The side that would guess the positions of the bones was silent, unmoving, and totally absorbed in looking for clues to which hands held the unmarked bones. The slightest movement of eye, hand, or body could be read to tell which hand held the important bone. Possibilities included false signals. As the bone-holding side sang and drummed, a few onlookers held up coins, smiled, and sought eye contact with anyone on the other side willing to make a side bet.
Suddenly, the singers and drummers ceased. Abrupt silence. Previously, everyone's attention had been on the side that was singing, drumming, and moving the hidden bones around. Now, in a heartbeat all eyes were on the guesser. He hesitated dramatically before revealing his choice, indicating by a hand gesture where he thought the two unmarked bones were. Whoops of victory by the successful side and the bones were handed over with dignity, even by a side that had lost often.
Next, someone from the winning side stabbed a one foot-long, painted marker stick into the earth, leaning toward the other side. And the next round began with the former guessers now singing, drumming, and hiding the pairs of bones.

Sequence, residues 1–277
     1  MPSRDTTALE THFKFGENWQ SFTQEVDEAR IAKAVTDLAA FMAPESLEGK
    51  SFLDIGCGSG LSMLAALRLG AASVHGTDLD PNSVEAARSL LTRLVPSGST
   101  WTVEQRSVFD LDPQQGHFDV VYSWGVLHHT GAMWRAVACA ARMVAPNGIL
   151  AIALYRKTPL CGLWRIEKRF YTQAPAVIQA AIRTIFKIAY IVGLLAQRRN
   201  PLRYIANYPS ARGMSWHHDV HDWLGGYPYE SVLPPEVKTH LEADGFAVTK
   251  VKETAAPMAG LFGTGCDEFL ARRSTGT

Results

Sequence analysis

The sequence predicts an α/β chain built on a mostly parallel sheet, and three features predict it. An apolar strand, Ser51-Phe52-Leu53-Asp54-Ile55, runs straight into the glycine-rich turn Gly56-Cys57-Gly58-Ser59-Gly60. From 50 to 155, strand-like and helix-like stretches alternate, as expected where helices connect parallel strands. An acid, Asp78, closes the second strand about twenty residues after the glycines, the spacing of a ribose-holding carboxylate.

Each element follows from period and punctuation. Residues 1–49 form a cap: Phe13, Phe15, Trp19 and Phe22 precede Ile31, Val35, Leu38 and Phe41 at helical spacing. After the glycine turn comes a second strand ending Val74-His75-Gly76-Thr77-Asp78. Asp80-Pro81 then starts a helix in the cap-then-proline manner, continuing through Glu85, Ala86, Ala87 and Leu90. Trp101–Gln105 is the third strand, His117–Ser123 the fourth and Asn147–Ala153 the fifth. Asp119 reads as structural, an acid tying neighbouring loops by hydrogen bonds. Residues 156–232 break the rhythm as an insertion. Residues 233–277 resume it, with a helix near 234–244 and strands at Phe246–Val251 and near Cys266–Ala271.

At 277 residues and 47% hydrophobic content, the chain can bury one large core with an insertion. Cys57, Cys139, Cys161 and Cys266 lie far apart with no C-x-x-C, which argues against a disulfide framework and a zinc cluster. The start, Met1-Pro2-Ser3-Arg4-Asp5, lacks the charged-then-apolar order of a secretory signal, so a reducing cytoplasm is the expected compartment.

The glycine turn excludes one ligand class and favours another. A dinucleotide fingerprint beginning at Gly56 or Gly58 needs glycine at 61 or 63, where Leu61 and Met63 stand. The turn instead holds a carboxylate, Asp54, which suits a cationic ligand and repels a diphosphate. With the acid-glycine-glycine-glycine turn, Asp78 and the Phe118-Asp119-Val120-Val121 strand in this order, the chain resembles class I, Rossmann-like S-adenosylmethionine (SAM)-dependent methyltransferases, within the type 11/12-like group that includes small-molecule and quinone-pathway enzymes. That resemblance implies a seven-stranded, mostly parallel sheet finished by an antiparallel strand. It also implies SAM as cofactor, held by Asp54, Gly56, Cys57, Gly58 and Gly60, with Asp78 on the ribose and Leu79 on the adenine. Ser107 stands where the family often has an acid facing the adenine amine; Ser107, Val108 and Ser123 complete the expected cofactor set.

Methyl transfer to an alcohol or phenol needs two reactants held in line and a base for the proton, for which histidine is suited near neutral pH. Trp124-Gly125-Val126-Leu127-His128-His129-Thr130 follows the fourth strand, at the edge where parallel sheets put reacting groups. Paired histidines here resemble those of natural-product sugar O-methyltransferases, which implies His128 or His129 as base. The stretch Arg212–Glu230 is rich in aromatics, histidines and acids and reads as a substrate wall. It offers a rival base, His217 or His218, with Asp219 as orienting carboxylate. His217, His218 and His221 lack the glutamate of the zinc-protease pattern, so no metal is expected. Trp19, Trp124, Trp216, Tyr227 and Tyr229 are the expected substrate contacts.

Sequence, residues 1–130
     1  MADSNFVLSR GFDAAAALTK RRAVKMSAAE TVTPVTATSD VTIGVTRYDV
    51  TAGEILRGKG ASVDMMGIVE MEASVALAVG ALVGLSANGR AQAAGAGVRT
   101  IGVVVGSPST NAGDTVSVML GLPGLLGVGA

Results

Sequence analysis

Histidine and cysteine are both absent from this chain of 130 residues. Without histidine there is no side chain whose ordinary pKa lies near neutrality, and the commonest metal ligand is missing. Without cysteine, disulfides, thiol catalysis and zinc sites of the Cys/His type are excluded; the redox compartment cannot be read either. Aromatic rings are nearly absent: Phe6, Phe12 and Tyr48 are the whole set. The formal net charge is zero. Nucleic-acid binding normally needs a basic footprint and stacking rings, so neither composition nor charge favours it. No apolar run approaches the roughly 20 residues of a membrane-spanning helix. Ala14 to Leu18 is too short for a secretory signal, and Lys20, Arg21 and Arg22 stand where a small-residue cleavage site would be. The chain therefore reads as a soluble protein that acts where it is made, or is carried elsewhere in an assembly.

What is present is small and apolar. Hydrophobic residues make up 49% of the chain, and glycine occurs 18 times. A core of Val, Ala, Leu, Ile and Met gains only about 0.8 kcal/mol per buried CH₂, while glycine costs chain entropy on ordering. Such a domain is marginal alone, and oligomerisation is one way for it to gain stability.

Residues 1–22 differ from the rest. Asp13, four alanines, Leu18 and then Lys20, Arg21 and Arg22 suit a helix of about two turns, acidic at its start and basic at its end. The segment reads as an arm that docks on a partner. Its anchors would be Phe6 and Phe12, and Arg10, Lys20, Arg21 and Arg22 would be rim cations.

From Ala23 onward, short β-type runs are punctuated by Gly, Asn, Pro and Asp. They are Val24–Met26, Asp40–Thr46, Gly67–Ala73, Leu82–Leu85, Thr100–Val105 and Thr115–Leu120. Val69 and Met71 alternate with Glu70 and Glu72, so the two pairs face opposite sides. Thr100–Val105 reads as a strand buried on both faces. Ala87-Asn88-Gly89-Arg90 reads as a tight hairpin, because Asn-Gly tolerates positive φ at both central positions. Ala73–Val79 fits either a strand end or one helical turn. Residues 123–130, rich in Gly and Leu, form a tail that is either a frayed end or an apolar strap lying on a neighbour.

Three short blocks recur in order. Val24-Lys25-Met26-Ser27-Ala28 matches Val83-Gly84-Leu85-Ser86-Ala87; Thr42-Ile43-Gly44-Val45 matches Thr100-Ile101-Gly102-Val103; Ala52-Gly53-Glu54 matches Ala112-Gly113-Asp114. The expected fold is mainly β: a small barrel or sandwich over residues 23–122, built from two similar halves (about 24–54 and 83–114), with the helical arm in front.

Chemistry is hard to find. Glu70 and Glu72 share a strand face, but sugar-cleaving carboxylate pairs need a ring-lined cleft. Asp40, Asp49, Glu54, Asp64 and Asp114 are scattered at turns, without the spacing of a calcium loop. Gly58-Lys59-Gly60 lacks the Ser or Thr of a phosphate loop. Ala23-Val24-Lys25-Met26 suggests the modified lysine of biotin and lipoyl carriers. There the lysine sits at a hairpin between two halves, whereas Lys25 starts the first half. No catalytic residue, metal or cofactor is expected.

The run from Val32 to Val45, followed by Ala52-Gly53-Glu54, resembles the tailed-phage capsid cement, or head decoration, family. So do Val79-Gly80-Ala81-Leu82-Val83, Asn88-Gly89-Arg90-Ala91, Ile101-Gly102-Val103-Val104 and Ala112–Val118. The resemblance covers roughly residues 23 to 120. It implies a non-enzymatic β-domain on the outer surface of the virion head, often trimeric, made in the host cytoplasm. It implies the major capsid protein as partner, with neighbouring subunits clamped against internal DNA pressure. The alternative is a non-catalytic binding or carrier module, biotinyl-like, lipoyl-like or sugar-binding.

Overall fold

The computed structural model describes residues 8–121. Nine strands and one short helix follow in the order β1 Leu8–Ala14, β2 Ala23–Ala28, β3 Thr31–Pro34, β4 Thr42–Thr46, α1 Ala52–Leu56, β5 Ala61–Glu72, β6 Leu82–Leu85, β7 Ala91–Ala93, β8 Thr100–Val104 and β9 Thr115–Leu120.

I was appalled to see one of my non-aboriginal colleagues pull out a tape recorder and turn it on. For the Salish, as for other First Nations peoples of the Northwest Coast, not only songs, but the rights to lands, resources, myths, dances, masks, and countless other treasures are gifts of supernatural origin for specific individuals or families. Only the owners can offer them to someone. I was trying to decide how to stop her when two older Salish women moved in so close to her that they blocked off the recorder's built-in microphone. She moved away to get clear, and they boxed her in again. Yet all was genial, the cultural guardians even smiled at her once. She finally put the recorder back in her handbag.
Eventually, after numerous rounds, one side won the game, and with cheer, but not gloating, divided the pot. Each person won twice his or her original bet, double or nothing. People chatted, some joked as they paid up or collected their side bets. Elders talked in Salish.
The games went on until early morning. I was disappointed when they ended; for I felt that I had seen something timeless and important, although there was much that I had not understood.